Lived in Rakhine for generations, yet Rohingya Muslims ‘do not belong in Myanmar’

Published on September 27, 2017

By Dr. Nehginpao Kipgen

Channel NewsAsia – September 27, 2017

Rohingya is a controversial term in Myanmar – and there is fear on both sides of what “giving in” to resolve the Rohingya crisis may require giving up, says Nehginpao Kipgen.

Rohingya is a controversial term in Myanmar. Part of the problem lies in the nomenclature itself.

The Rohingya community jealously guard their name, as a projection of their identity as a persecuted minority and an integral part of their international campaign for attention and help.

Although they call themselves Rohingya, a term widely used by the international community including the United Nations, the Myanmar government and the overwhelming proportion population of Myanmar say they are illegal Bengali immigrants from neighbouring Bangladesh.

Most people in Myanmar today see developments in Rakhine state as a fight against extreme Islamist terrorists who have infiltrated Myanmar, and are using fabricated stories to fracture Myanmar society and further a separatist agenda of an independent Rakhine state.

“They don’t belong in Myanmar, according to this side of the story.”

The fact is that the Rohingya are not included among the officially recognized 135 “national races” enshrined in a citizenship law passed in 1982.

Though this ethnic classification was undertaken under General Ne Win, who installed the military regime after a coup in March 1962, successive governments, including the present National League for Democracy government led by the 1991 Nobel laureate Aung San Suu Kyi has not changed this state policy.

The latest wave of violence is a consequence of lingering, simmering tensions between Rohingya Muslims and Rakhine Buddhists which started in 2012 with the rape and murder of a Rakhine woman on May 28, 2012, allegedly by Rohingya Muslims.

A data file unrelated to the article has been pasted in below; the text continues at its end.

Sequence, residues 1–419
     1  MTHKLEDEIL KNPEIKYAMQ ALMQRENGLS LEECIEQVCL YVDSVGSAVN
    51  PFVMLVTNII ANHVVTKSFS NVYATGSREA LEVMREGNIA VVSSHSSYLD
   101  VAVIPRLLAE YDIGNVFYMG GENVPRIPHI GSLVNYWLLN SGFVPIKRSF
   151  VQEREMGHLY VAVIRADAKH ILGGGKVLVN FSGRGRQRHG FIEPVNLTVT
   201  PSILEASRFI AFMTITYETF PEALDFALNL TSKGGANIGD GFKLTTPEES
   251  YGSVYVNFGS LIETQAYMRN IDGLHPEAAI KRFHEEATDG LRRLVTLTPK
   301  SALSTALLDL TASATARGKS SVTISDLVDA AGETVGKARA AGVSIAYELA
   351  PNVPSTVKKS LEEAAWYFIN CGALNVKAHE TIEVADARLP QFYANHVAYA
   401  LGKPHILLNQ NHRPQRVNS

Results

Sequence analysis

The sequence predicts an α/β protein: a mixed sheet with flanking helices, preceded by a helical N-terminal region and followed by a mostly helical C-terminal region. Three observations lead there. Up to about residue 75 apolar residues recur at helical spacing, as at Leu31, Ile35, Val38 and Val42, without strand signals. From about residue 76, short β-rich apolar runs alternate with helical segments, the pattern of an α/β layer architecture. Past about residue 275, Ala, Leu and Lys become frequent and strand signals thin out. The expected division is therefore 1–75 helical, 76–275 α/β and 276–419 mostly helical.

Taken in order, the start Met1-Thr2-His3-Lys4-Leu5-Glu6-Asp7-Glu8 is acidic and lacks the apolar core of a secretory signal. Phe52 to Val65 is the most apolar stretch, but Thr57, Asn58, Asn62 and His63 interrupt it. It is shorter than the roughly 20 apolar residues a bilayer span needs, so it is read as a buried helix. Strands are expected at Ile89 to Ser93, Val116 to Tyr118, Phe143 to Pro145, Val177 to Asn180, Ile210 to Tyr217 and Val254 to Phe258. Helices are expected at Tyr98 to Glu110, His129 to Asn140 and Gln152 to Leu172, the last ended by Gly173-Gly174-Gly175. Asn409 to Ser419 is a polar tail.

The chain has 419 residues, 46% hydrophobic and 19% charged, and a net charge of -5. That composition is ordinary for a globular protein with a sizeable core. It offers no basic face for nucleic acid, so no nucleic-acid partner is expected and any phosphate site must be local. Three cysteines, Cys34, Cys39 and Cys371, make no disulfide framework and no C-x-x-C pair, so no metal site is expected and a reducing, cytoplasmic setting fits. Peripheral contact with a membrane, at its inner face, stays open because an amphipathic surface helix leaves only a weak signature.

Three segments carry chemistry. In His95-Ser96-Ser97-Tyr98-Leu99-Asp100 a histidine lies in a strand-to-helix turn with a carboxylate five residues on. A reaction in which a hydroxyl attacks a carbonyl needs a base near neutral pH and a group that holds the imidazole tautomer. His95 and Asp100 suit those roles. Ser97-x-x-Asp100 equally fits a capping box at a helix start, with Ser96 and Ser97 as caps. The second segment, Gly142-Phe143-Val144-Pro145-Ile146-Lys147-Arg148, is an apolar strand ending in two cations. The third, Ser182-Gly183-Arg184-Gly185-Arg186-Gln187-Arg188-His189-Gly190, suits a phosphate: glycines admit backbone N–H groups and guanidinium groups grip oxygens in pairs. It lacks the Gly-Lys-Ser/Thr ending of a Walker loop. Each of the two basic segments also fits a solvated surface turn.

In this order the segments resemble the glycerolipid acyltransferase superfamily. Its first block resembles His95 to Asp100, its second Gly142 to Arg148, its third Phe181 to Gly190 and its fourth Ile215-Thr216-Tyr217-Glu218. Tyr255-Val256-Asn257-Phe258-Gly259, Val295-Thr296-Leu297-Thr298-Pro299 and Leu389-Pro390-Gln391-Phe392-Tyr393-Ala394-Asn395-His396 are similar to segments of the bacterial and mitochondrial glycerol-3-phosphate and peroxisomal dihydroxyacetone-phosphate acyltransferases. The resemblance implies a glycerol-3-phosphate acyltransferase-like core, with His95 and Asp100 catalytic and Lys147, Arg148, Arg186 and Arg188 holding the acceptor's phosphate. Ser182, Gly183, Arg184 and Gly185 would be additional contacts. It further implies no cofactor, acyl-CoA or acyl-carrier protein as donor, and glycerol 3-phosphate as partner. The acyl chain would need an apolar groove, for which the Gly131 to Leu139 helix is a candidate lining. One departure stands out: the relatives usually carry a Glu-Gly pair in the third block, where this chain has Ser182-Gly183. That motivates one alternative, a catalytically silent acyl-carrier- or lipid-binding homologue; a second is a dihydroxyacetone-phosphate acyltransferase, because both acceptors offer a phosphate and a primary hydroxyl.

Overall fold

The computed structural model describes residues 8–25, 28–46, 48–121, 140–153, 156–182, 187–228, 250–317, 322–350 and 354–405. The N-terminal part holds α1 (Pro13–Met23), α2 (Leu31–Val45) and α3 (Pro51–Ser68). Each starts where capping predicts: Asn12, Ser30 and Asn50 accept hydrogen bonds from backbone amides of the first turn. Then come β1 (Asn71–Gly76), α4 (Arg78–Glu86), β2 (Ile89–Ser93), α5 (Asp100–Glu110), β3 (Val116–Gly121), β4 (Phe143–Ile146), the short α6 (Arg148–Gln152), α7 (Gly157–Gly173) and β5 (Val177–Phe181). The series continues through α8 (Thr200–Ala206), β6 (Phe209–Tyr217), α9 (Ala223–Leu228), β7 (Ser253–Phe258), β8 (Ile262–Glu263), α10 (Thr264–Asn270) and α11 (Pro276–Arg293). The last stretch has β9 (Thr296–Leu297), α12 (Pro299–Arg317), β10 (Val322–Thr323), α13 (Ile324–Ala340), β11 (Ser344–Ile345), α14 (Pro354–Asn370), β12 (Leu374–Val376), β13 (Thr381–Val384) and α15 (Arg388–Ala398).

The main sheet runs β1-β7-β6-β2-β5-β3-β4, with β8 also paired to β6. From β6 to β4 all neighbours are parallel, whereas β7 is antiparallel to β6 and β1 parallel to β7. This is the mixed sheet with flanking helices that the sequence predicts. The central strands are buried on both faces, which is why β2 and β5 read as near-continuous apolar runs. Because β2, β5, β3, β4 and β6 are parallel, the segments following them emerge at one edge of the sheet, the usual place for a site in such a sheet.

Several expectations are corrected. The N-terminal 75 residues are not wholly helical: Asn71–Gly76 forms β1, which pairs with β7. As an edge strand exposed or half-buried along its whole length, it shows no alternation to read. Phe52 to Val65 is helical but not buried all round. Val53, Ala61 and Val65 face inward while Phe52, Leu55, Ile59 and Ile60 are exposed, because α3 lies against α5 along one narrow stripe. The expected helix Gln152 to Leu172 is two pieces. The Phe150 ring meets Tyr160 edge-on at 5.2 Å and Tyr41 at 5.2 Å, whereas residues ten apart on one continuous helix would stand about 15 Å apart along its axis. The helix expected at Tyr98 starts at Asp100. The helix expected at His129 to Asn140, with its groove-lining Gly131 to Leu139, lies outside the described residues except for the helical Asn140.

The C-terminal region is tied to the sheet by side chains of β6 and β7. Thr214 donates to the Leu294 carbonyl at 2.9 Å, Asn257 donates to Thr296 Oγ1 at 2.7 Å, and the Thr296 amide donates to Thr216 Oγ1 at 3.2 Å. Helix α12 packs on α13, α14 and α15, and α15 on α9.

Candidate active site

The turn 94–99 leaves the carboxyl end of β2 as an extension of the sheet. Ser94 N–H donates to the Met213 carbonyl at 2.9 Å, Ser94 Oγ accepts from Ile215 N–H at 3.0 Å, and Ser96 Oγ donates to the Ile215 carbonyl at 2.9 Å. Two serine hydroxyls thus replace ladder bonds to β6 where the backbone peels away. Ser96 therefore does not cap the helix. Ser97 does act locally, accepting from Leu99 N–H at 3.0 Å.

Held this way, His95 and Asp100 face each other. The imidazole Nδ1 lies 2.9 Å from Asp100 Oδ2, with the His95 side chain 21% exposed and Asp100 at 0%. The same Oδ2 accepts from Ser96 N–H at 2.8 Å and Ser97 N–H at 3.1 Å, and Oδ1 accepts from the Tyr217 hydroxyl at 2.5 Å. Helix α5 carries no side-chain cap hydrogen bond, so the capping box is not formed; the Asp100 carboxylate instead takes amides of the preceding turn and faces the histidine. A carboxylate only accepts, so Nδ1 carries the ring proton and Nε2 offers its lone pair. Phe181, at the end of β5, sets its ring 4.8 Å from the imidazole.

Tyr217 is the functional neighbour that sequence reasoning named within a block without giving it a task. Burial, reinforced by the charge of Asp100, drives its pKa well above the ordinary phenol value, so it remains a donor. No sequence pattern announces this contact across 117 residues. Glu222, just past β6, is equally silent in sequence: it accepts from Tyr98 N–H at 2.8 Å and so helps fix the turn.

The May incident was followed by a retaliatory killing of 10 Muslims by a mob of Rakhine Buddhists on Jun 3 that same year, with greater violence against the Rohingya, displacing about 140,000.


Such tensions have been around for several decades, with multitudes of Rohingya fleeing to Cox’s Bazar in southeastern Bangladesh in waves.

A significant exodus occurred during what the Myanmar immigration and security authorities call operations to register citizens and screen out foreigners under the Burma Socialist Programme Party military government in 1978.

That year, over 200,000 refugees from Myanmar crossed over to Bangladesh. The international community accused Myanmar authorities of persecution, torture, harassment and excessive use of force against the Muslims of Rakhine state.

The refugees claimed that they were fleeing the atrocities of the Myanmar army and immigration officials who targeted them.

But the Myanmar government said these Muslims were not its nationals but illegal immigrants or fugitives fleeing from the law. The Myanmar government’s position was that the refugees were Bangladesh nationals, who had illegally settled along the border and inside Myanmar.

According to the Myanmar government, the refugees fled because they lacked proper entry registration papers and wanted to escape the scrutinisation drive which was aimed at classifying the status of residents – and separating bonafide citizens from foreigners.


The Rohingya Muslims’ historical origin is a controversial subject. Some claim that the Rohingya are the descendants of Muslim Arabs, Moors, Persians, Turks, Mughals and Bengalis who came mostly as traders, warriors and saints overland and through sea routes.

History tells us that the Rohingya have lived in the country for generations. Many of the Rohingya had indeed migrated from Bangladesh during the British rule, and had come to live in the state of Arakan, today’s Rakhine, since the 1800s, based on British population census.

Because of the British Empire’s expansive power and influence in this part of the world, coupled with the porous borders or no borders at all, the movement of people from one region to another was not difficult.


Sporadic incidents of violence over the years aside, until the recent emergence of the Arakan Rohingya Salvation Army (ARSA), there were no signs of violent resistance in the Rohingya’s history.

Yet, therein lies the worry of the Myanmar military that groups like ARSA would use Rakhine as a staging ground for terrorist attacks in other parts of Myanmar.